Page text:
South Korean Troops Massacre 135 Vietnamese Civilians

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A Brief History

On February 25, 1968, South Korean Marines fighting against the communist Viet Cong and North Vietnamese Army alongside Americans and the South Vietnamese committed a terrible atrocity in the town of Hà My in South Vietnam.  Sadly, in virtually any war that can be researched, atrocities are almost sure to be found committed by both sides in the conflict.

Digging Deeper

The South Korean Marines, renowned for their toughness, had suffered a mortar attack in which an officer, an NCO, and 4 troops had been killed.  The direction the mortar fire came from was deemed to be from the Hà My area and the South Koreans went about conducting a retaliatory attack to “discourage” further mortar fire.

Starting with a heavy artillery bombardment, the village was then attacked from the air by South Korean armed helicopters that sprayed the village with machine gun fire.  A detachment of about 200 South Korean Marines was then sent in to “mop up” surviving villagers, gunning down innocent civilians where they were found.  In all, 135 people were murdered, almost all of which were elderly people, women and children.

The South Koreans attempted to hide their handiwork by using a bulldozer to dig a mass grave into which the victims were thrown.  Then Korean helicopters dropped Napalm bombs on the mass grave in an effort to burn the bodies.  Oddly enough, it was the desecration of the dead bodies that enraged the Vietnamese the most!

Far from cowing the locals into fearfully refraining from attacking the South Koreans, local resolve turned against the South Koreans and resulted in anti-Korean activity until the South Koreans finally vacated Vietnam in 1973.  Reprisals and retribution seem to seldom have the effect desired by the perpetrators, and usually just hardens the resolve of the offended people.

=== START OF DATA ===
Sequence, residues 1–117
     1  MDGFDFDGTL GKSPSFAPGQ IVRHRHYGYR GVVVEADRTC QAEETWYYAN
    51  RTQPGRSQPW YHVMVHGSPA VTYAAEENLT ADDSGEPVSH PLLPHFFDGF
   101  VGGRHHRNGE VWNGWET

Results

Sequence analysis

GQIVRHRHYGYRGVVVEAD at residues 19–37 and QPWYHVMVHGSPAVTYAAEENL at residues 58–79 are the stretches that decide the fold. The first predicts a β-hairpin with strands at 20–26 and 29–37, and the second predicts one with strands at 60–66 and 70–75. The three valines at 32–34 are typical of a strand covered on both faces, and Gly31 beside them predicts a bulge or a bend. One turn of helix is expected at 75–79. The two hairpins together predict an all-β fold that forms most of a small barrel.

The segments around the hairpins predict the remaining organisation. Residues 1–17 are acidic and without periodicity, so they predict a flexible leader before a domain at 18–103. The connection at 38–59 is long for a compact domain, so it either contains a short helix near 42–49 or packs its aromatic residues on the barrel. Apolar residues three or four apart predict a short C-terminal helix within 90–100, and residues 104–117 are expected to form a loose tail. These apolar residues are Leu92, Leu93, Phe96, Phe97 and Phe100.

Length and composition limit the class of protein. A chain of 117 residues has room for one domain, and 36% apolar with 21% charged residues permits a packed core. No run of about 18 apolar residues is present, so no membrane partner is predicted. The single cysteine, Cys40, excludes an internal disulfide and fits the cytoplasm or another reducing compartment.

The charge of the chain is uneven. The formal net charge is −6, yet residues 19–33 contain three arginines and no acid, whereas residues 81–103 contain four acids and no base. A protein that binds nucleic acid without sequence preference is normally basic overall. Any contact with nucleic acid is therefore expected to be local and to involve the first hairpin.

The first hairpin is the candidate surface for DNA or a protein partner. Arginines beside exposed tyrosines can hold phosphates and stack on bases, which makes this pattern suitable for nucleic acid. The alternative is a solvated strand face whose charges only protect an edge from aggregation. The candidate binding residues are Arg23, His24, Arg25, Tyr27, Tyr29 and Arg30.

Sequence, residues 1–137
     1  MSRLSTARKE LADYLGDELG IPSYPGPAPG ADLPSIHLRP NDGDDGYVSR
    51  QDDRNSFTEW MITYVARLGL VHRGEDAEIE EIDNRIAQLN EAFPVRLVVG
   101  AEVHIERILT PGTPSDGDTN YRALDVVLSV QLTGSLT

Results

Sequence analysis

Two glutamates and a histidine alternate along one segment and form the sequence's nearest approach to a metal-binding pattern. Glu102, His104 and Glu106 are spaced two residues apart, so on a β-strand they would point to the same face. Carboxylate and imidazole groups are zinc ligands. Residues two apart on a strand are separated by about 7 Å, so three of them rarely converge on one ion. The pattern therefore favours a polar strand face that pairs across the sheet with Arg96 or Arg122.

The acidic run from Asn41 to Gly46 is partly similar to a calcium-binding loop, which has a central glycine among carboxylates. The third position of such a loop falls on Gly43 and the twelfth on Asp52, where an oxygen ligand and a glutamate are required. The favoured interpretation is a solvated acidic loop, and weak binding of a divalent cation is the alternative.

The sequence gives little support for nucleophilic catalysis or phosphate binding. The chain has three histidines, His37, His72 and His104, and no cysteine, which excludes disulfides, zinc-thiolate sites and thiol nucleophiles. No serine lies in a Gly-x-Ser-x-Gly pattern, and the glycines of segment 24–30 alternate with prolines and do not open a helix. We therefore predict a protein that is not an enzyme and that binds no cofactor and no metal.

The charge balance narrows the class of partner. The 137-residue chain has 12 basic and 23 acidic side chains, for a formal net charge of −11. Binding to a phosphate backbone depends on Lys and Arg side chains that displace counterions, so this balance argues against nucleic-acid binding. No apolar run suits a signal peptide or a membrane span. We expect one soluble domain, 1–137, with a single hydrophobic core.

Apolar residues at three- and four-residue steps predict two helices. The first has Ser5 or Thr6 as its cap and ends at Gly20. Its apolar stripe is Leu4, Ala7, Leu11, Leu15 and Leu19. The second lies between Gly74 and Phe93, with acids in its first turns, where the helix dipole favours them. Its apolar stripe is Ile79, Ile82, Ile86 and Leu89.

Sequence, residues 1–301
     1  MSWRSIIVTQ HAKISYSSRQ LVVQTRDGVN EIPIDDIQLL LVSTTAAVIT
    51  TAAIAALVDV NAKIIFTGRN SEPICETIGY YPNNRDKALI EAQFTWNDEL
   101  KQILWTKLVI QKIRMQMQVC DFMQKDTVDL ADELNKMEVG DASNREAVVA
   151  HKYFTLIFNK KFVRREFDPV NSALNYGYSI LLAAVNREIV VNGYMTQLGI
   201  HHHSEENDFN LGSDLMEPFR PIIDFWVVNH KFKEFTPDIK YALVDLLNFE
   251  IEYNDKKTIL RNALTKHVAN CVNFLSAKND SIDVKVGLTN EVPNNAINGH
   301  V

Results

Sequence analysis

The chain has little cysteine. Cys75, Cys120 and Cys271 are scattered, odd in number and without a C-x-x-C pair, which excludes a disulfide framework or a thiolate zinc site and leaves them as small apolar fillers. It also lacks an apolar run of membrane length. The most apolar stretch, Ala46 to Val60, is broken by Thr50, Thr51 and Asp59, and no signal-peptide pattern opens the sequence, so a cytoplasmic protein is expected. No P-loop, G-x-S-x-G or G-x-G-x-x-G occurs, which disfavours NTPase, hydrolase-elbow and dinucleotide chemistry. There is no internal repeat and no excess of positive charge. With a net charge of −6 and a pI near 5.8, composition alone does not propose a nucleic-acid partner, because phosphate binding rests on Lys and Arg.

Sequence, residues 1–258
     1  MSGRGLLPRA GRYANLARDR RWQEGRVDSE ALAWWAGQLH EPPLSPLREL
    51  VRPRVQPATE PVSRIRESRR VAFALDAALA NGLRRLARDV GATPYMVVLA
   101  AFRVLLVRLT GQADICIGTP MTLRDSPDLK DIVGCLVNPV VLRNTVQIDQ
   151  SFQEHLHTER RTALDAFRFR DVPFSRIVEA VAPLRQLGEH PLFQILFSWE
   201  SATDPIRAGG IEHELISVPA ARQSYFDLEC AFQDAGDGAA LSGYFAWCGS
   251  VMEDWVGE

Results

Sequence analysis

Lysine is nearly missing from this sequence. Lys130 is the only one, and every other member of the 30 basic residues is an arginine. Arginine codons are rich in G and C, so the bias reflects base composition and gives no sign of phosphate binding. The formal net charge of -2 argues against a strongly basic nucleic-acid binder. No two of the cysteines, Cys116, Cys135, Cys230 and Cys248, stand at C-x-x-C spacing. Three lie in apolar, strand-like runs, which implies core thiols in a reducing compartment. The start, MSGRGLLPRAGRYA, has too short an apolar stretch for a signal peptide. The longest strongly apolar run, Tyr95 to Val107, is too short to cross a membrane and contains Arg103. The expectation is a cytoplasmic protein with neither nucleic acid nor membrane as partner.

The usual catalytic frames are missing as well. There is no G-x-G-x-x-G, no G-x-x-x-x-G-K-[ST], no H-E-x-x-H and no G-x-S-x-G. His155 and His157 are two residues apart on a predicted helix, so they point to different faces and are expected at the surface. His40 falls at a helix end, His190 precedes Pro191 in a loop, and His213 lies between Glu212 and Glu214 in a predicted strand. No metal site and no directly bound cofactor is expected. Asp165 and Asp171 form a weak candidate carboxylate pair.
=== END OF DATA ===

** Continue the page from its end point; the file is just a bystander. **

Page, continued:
After the North Vietnamese finally conquered South Vietnam in 1975, the now unified country of Vietnam recognized the people of the Hà My region as a “Hero District of the People’s Armed Forces.”

Question for students (and subscribers): How many different military forces committed atrocities during the Vietnam War?  Please let us know in the comments section below this article.

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Historical Evidence

For more information, please see…

Ketwig, John. Vietnam Reconsidered: The War, the Times, and Why They Matter. Trine Day, 2019.

Milam, Ron. Not a Gentleman’s War: An Inside View of Junior Officers in the Vietnam War. University of North Carolina Press, 2012.

The featured image in this article, a map by Vardion (talk | contribs) locating Quang Nam province in Vietnam, is licensed under the Creative Commons Attribution-Share Alike 3.0 Unported license.


About Author

Major Dan

Major Dan is a retired veteran of the United States Marine Corps. He served during the Cold War and has traveled to many countries around the world. Prior to his military service, he graduated from Cleveland State University, having majored in sociology. Following his military service, he worked as a police officer eventually earning the rank of captain prior to his retirement.